BBC draws curtains on show that told horrors of Lanka war

The BBC on April 30 finally drew the curtains on Thamizhosai – a popular Tamil show that lasted three quarters of a century. Originally called ‘A news letter from Ceylon’, it was launched on May 3, 1941, as a propaganda machinery of the British to report on the Second World War in Sri Lanka – which was then a British Colony. But the later years saw it metamorphose into a favourite among the Tamil diaspora, not only for introducing Tamil culture to the world, but also for reflecting major predicaments faced by the community including those in Sri Lanka.

Thamizhosai was the brainchild of S Sivapadasundaram, a former editor of the Sri Lanka’s popular Tamil periodical Eezha Kesari and a journalist who was equally proficient in Tamil, English and Sanskrit. The service was eventually broadened to include music, drama and interviews in Tamil. Initially started as a half-an-hour weekly programme, Thamizhosai grabbed the coveted 9:15pm to 9:30pm slot after it was highly appreciated by Tamil speaking people across the world. It was later that Sivapadasundaram named it Thamizhosai, after Subramanya Bharati’s famous poem on Tamil, in which the poet says “the sweet sound of Tamil must be made to be heard all over the world”.

Sivapadasundaram was known for his skills in broadcasting. His articulation was so well known that All India Radio Madras Station engaged Sivapadasundaram for live broadcast for the funeral processions of K Kamaraj and C N Anndurai. After settling in Madras, Sivapathasundaram became a close associate of writer Chitti Sundararajan and started researching on Tamil novels and short stories. Described as “the Beaumont and Fletcher of Tamil literary criticism” together they published their two magnum opuses: ‘The Tamil Novel: A Century of Growth’ (1977) and ‘Tamilil Sirukathai – Varalaarum Valarchiyum’ (1989). Both became the basic source for many researchers. Both the writers felt the necessity for an organisation that would help researchers in delving deeper into Tamil culture.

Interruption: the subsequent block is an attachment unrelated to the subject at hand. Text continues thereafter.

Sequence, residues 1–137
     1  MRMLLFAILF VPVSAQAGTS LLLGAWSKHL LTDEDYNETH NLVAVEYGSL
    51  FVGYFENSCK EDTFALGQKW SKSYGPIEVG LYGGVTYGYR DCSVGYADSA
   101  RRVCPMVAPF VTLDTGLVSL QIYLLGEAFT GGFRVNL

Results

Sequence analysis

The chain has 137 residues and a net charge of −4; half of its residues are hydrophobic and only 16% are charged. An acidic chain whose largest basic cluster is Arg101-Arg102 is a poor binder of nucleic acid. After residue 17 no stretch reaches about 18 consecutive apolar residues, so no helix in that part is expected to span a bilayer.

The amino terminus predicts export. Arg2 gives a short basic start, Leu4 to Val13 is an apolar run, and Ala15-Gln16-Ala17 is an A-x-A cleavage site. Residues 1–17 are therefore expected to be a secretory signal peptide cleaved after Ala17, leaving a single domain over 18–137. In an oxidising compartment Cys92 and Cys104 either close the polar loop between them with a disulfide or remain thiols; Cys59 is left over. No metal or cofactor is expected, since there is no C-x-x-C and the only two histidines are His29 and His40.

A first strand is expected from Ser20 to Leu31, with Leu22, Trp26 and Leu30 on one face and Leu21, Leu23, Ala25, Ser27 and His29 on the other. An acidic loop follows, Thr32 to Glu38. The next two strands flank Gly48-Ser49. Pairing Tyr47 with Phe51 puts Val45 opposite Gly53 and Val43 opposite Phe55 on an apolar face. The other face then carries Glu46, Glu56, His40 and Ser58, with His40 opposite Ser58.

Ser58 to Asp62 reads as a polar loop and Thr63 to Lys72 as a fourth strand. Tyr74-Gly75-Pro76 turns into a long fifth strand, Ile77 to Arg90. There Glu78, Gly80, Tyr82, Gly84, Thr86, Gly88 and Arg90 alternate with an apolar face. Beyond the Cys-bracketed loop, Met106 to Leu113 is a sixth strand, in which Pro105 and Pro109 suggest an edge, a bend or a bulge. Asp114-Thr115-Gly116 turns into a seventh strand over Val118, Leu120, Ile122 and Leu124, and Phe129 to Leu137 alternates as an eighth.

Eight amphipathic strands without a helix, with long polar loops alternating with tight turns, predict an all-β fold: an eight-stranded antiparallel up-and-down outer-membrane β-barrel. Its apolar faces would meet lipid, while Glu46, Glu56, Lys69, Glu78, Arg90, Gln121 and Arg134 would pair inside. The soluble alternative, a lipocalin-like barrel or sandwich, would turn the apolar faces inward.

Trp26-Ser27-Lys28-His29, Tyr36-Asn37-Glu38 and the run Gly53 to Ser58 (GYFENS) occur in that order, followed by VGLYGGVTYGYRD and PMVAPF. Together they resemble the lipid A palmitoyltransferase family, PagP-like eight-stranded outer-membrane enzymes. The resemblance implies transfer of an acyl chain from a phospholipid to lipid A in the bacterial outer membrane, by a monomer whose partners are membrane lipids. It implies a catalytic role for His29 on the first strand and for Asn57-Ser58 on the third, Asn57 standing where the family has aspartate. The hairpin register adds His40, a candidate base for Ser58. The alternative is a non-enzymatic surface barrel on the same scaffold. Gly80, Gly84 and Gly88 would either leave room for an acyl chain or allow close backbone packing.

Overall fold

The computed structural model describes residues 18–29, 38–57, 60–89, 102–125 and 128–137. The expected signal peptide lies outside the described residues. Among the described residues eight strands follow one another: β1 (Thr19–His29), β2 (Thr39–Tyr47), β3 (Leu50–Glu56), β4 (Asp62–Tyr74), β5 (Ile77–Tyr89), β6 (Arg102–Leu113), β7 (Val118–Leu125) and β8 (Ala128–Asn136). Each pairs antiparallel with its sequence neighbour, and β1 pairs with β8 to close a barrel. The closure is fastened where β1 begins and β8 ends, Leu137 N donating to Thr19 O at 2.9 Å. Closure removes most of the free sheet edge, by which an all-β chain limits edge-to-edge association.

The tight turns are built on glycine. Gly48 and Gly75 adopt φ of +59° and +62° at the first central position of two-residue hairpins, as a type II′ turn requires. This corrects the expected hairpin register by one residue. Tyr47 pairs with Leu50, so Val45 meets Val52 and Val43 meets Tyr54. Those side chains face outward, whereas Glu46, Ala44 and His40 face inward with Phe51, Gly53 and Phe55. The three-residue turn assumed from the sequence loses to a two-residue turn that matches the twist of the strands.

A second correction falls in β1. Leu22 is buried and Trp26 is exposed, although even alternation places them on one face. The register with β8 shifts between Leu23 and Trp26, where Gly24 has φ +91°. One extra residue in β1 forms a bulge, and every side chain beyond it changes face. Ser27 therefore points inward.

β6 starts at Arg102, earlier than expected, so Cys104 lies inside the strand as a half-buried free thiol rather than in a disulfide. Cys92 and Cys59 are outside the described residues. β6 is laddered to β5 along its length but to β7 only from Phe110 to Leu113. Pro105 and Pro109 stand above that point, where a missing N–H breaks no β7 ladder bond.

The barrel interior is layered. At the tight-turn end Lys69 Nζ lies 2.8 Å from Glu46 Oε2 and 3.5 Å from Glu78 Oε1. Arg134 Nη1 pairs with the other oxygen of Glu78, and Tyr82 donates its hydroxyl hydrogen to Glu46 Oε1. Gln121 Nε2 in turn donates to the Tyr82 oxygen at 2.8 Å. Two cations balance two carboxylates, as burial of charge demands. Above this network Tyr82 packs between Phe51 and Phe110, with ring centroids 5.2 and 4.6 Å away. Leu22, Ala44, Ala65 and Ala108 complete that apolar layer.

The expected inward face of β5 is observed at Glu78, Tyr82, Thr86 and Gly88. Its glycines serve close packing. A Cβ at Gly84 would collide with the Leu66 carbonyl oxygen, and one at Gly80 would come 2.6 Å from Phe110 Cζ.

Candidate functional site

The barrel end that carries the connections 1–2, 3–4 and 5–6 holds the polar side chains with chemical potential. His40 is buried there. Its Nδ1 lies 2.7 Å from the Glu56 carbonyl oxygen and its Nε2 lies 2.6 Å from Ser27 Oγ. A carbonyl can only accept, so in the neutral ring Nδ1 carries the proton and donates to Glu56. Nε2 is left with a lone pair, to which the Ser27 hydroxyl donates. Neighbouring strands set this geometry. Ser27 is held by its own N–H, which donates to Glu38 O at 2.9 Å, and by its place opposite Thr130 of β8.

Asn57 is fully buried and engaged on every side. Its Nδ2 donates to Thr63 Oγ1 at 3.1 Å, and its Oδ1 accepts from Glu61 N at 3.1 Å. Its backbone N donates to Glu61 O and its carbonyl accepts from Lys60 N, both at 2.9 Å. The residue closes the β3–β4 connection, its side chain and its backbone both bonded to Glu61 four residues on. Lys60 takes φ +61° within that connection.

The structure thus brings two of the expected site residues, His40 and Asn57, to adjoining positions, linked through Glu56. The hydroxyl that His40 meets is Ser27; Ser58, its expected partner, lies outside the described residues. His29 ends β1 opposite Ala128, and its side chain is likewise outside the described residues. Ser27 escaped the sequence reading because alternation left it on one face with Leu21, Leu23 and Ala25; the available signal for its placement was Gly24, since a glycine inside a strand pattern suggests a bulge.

For Tamils, BBC Thamizhosai was one such platform that gave them the exposure to voice such concerns about their culture. Popularity of the programme rocketed during the Sri Lankan Civil War. This was a time when the channel extensively reported on the war, showing the world the plight of Tamils in Sri Lanka.

As a part of its Human Rights programme in 2002, ‘Tamil as Manudam Vellum (Humanity will win)’, a 20-part series on human rights issues in Tamil Nadu and Sri Lanka was broadcast in Thamizhosai. Journalist Sampath Kumar was roped in for the series. Extensive interviews and on the spot studies resulted in its great success. Thirumalai Manivannan, then the editor of this section said “This is the first time in recent years that a Tamil journalist has gone so extensively into the war-torn north and east of Sri Lanka and reported the conditions there.”

Despite the many laurels the programme won, it is a pity that such shortwave transmission had to fold up due to severe competition from various sources available for information.

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